No bank monitoring orders between 2015 and 2018 – Council of Europe report

The authorities in Malta are failing to regularly use the powers provided by a Council of Europe convention which allows measures to monitor banking operations as investigation into possible money laundering activities, a report has found.

A Council of Europe monitoring review looking into how individual countries are using the Convention on Laundering, Search, Seizure and Confiscation of the Proceeds from Crime and on the Financing of Terrorism, has called on the Maltese authorities to further raise awareness of the practical possibilities for law enforcement through these powers.

It pointed out that a previous follow-up report had confirmed that between 2015 and 2018, the Maltese courts did not issue any monitoring orders. “Therefore, Malta is invited to apply monitoring measures more frequently and develop cases on its implementation,” the review added.

Article 7 of the convention has introduced powers to make available or seize bank, financial or commercial records for assistance in actions for freezing, seizure or confiscation.

In particular, Article 7 paragraph 1 provides that “each party shall adopt such legislative and other measures as may be necessary to empower its courts or other competent authorities to order that bank, financial or commercial records be made available or be seized in order to carry out its actions”.

It also clearly stipulates that a party shall not decline to act under the provisions of this article on grounds of bank secrecy.

Malta is one of 34 countries that signed this convention and the review suggests that, overall, Malta is applying only part of this particular Article in the convention.

Malta falls under a list of countries where the requirements set in the convention are, in general, implemented but notes that the scope of these provisions differs significantly between each State.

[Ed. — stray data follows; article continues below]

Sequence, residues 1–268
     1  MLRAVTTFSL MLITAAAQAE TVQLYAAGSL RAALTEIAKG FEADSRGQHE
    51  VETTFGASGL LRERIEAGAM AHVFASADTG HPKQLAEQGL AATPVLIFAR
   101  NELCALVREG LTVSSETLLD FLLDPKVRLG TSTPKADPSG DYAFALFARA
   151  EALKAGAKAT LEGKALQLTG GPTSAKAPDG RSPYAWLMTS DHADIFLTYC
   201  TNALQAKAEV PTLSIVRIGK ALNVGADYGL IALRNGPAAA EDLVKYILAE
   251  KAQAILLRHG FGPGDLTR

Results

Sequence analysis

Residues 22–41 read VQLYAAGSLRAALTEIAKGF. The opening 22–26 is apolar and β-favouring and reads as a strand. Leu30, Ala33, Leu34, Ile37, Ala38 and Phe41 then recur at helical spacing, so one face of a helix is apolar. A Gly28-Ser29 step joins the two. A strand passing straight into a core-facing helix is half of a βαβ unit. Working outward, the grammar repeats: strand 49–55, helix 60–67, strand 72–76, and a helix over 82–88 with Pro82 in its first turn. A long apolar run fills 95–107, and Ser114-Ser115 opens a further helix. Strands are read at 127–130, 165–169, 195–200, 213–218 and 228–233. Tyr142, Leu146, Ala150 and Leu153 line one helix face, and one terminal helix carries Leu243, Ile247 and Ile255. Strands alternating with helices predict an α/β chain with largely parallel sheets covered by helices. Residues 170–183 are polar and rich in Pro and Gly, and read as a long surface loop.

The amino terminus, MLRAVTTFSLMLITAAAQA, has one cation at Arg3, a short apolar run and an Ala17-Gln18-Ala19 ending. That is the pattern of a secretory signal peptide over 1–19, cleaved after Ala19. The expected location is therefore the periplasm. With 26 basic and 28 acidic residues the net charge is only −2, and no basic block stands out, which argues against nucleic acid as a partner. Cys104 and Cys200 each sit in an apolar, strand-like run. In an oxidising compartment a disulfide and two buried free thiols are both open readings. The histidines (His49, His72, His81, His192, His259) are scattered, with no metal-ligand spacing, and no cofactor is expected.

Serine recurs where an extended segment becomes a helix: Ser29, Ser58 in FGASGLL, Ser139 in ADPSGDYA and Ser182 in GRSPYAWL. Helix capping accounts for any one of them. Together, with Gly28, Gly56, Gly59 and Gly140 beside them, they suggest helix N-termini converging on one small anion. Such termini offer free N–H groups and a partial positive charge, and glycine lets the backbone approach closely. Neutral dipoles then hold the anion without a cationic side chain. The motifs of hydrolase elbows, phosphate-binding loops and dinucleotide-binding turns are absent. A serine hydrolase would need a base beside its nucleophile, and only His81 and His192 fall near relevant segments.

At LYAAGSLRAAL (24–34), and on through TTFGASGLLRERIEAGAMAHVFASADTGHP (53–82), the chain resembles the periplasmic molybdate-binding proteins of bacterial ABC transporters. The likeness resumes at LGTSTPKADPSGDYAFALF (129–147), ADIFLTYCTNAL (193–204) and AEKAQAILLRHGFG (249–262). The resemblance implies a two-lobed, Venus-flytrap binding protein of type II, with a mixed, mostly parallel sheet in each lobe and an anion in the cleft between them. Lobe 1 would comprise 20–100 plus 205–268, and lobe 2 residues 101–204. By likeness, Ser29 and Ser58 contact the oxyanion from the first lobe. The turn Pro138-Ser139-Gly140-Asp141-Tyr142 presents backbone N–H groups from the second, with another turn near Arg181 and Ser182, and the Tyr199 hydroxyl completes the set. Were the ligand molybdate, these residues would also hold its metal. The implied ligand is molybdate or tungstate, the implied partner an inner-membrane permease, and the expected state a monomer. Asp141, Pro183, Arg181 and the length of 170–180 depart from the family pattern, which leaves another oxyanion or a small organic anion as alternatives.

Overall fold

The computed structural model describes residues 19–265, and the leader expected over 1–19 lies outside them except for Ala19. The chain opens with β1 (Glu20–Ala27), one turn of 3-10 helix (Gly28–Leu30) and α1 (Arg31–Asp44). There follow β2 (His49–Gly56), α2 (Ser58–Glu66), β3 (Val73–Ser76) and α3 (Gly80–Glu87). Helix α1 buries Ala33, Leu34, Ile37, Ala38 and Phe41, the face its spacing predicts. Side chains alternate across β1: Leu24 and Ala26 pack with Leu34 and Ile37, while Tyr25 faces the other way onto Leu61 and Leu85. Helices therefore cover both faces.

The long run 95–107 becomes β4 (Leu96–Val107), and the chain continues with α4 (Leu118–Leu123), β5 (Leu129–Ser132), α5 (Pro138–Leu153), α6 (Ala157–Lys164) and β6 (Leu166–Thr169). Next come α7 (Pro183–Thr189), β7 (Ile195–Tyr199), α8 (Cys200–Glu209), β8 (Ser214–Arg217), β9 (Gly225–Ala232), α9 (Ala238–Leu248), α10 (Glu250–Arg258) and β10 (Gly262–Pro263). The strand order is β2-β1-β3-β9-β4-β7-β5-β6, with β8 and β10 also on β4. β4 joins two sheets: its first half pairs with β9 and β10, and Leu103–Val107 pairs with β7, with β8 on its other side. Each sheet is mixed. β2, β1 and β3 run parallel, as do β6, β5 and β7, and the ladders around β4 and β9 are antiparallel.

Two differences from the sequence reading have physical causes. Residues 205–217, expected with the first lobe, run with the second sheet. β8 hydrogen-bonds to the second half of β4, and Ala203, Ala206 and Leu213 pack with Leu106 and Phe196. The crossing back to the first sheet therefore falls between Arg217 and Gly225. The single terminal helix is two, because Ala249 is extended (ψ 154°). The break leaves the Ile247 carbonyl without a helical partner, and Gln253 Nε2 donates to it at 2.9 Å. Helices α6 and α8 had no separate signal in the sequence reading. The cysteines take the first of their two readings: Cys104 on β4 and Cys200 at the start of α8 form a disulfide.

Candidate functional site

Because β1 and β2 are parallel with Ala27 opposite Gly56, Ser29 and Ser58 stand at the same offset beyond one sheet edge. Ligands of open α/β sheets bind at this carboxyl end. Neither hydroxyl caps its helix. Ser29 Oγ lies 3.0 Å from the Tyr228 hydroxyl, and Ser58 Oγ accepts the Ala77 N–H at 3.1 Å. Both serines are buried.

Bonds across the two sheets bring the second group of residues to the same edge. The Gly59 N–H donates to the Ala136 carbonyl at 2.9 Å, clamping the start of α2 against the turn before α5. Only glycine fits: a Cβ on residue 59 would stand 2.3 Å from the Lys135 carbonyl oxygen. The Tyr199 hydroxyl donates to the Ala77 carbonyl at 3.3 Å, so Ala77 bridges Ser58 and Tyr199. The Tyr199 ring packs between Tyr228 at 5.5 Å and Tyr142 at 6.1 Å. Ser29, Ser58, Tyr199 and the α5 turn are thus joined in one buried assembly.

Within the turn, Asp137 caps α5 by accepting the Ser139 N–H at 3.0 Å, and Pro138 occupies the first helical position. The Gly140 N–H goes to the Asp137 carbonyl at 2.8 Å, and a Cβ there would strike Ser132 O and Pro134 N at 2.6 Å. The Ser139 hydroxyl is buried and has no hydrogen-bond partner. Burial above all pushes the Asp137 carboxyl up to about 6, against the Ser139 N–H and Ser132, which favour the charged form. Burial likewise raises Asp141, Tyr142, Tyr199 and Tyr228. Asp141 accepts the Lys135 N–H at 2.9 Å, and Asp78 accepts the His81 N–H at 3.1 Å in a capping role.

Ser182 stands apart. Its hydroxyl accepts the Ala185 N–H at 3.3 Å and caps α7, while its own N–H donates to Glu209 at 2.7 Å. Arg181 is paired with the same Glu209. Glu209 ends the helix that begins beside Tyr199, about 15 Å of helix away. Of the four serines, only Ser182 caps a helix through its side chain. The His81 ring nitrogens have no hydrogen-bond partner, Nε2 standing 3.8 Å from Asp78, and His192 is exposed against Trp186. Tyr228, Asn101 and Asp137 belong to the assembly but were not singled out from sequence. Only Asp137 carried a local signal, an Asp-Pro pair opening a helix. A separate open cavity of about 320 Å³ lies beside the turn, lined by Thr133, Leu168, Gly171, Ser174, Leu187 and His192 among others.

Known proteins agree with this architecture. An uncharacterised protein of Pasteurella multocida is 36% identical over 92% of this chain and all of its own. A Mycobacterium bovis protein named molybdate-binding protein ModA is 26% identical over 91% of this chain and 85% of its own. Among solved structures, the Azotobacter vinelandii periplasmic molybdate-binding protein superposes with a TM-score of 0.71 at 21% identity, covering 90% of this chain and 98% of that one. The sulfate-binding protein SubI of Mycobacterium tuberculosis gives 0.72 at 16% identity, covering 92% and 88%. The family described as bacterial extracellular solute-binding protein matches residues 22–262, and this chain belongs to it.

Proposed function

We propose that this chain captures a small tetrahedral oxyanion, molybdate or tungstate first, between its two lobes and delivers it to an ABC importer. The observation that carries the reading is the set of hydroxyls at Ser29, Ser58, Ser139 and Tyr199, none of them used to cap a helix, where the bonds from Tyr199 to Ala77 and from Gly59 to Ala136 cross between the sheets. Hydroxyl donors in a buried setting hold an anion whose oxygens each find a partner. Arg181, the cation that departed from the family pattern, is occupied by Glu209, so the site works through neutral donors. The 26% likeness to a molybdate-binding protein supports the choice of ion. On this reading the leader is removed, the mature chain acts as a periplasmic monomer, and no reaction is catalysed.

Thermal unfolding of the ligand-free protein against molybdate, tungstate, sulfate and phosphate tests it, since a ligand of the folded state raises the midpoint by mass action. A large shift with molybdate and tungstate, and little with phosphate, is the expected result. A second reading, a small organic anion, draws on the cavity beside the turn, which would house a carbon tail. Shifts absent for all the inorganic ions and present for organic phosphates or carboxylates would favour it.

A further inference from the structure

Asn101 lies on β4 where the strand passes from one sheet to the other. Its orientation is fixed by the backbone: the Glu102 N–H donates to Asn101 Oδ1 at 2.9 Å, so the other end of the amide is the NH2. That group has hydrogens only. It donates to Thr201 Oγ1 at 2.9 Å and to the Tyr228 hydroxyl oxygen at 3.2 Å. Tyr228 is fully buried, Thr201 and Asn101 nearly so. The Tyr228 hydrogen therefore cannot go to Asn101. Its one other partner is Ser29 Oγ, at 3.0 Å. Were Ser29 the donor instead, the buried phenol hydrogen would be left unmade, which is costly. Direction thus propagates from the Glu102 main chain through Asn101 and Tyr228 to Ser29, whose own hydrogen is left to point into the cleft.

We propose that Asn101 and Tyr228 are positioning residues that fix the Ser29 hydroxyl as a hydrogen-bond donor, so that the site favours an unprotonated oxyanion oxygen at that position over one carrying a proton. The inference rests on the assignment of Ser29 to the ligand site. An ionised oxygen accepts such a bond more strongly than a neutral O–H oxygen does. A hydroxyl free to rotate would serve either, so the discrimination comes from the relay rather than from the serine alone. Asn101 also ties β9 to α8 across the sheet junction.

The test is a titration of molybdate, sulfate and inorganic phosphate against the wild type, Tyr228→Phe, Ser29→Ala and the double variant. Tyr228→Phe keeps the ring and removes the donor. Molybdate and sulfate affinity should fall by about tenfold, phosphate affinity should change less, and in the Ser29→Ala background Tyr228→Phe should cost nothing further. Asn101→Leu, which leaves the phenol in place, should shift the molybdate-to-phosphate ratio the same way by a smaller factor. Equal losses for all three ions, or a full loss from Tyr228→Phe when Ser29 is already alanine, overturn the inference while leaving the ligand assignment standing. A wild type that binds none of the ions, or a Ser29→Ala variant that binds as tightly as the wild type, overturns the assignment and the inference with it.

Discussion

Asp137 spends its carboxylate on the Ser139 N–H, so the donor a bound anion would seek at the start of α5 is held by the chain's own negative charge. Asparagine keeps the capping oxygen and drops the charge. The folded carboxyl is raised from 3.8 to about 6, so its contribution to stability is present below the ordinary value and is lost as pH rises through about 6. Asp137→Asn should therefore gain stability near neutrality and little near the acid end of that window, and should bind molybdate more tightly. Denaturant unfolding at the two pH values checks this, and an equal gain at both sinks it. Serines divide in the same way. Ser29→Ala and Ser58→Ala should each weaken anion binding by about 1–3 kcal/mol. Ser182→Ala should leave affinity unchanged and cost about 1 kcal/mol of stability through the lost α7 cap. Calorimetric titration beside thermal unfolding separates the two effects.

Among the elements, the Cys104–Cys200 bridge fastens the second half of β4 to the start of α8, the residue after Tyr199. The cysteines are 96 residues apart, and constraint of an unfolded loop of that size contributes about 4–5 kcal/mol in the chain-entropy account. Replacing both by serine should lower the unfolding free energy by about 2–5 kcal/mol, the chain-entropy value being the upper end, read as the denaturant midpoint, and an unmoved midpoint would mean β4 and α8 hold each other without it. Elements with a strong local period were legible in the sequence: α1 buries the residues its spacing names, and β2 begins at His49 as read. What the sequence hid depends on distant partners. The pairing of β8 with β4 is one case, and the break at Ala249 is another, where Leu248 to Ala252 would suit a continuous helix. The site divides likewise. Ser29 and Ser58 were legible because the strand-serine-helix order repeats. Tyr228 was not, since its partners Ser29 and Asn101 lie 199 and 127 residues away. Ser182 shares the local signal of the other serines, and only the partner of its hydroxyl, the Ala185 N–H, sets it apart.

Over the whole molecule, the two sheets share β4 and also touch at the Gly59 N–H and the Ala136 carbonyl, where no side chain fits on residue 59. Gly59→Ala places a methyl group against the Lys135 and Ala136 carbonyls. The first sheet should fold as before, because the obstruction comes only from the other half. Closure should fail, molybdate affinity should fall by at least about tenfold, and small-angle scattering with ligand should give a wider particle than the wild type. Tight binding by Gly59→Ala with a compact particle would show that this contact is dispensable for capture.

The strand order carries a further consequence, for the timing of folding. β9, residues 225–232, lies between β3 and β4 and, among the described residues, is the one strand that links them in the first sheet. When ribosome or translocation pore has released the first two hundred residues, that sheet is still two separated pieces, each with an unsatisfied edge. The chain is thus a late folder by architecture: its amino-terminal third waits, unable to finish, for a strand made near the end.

The aim of the report is to seek to establish which States have successfully made use of this power laid out in the convention. It also seeks to determine the extent to which countries or parties can apply this measure upon request of another State and then communicate the results to the requesting State.

A 2014 assessment report on Malta noted that monitoring of banking operations that are being carried out through one or more identified accounts can be performed based on a monitoring order.

Anti-money laundering laws in Malta enable the Attorney General to request approval by the Criminal Court for a monitoring order in case of suspicion that there is a money laundering offence. Based on such an order, the banks are required to monitor, for a specific period, transactions or banking operations that are being carried out through one or more accounts.

The accounts monitored can be of a specific suspect, can be suspected of being used in the commission of a criminal offence or can provide information about the offence or about the circumstances of an offence.

The results of the monitoring must be communicated to the persons or authority indicated by the Attorney General and the collated information is transmitted subsequently to the Attorney General.

In its conclusions, the review stated that Malta has enough legal provisions in place to obtain information on account holders but suggested the authorities make more regular use of the powers laid out in the convention.

This review comes at a time when the authorities in Malta are bending over backwards to try and get financial institutions and banking practices in order to avoid Moneyval’s greylisting. Experts have repeatedly warned of the dire consequences should Malta fall into this list of countries.

                           
                               
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Mick
Mick
7 months ago

Monitoring means supervision means responsibility means accountability none of these words can be found in Maltese work ethics and are considered indecent.

Last edited 7 months ago by Mick

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